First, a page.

You won’t find the sleepy neighborhood of Kyodo on a Tokyo tourist map, but that doesn’t make its streets any less of a destination. It’s a trove of restaurants and eateries, and spotted with fascinating places to shop and explore.
As the Kyodo shopping arcade bleeds into the nearby residential area, you might just come across a cement path lined with trees that leads to a small cafe. Inside, you’ll find the bright orange Diedrich roaster that marks the entrance to Finetime Coffee Roasters.
Finetime is a simple, humble affair, with a long counter and stools lined up against a wall dotted with art and a selection of books. As owner Takeshi Kondo shows me around, he says the name came from the New Order song of the same name, but he likes that it’s hidden behind a more literal meaning—what he wants the customer to experience.
When we sit down to talk, Kondo tells me that unlike many of the light-roast specialists in Tokyo, he’s still fairly new to the scene. After working in finance for some twenty years, he began craving something new, and in researching options for running his own business, wandered into the Tokyo coffee community.
“I knew when I quit finance that I wanted to start my own business. I like food, so I thought a cafe would be a good idea, and when I discovered specialty coffee I really liked it. I went to the Fuglen cupping every week, and everywhere else for research and seminars.”
Kondo was enamored with light roast coffee, and he quickly began building a network of green coffee suppliers—including Nordic Approach, Collaborative Coffee Source, and Cafe Tenango—to ensure a variety of interesting, fruity coffees.
Filter coffee at Finetime is served strictly via AeroPress. Kondo says this is because it’s not common in the area, and he likes how if he limits the coffee selection to AeroPress and light roast, he ensures that first-time locals will always be in for something new.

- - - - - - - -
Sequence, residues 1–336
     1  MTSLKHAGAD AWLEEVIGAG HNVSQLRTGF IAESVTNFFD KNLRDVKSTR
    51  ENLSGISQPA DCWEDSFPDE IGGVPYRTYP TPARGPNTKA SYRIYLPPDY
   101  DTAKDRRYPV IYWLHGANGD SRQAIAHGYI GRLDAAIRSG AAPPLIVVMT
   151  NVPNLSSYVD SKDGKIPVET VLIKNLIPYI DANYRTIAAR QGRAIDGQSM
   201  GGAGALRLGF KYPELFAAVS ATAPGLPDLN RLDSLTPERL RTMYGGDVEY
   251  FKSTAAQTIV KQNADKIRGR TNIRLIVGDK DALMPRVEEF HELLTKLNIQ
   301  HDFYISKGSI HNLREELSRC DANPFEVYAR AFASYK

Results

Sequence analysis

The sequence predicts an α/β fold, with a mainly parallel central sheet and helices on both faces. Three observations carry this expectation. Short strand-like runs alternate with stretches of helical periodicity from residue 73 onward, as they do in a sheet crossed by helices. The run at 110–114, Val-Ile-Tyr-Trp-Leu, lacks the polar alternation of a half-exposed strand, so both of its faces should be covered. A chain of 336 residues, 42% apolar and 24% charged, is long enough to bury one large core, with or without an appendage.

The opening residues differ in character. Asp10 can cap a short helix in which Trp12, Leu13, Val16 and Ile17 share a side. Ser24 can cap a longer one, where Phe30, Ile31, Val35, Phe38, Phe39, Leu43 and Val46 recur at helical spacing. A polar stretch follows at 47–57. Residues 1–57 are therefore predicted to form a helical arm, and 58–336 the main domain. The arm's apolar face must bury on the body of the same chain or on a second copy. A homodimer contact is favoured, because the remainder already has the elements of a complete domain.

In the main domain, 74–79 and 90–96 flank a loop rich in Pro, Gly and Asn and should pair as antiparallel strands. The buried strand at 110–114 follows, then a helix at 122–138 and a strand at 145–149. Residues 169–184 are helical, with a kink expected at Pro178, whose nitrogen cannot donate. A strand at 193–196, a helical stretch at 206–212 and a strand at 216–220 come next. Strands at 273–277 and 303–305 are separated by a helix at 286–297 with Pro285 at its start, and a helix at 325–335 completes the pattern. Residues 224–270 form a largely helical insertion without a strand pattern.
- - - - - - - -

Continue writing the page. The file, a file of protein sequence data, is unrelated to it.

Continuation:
“Keeping the selection simple and limited was intentional. If we had a bitter coffee, people might skew towards it, and the same if we offered a choice between drip and AeroPress. I wanted to create a first-time coffee experience that surprised people like I was surprised.”
But perhaps the most surprising thing isn’t the light roast coffee, but the way Finetime has become something of a coffee shop for coffee shops, and a go-to spot for baristas and people in the industry.
“The local coffee scene is still pretty small, and I think we all like to drink unique, interesting coffees. We’ve always got around six different coffees available here, and we hold a cupping every weekend. It makes me happy when people visit.”
Though he says he’s still learning, it’s a testament to Kondo’s passionate approach that within such a short time he’s turned his shop into a go-to location, and taken third place in the 2016 Japan AeroPress Championship. To hear him speak, it’s clear that he’s a man who enjoys his work and the many challenges that come with it; it’s the results of this that drive him forward.
“For me, what I like most is making and serving coffee directly to our customers. I like being involved in so much of the process; sourcing beans, roasting them, brewing the coffee, and then watching people enjoy it. I like the way that experience repeats over and over again.”
It’s a simple joy grounded in a simple idea and worked at with a desire to share a very particular experience. And to think, it’s hidden in a little part of town you might never have even heard of.
Hengtee Lim is a Sprudge staff writer based in Tokyo. Read more Hengtee Lim on Sprudge.
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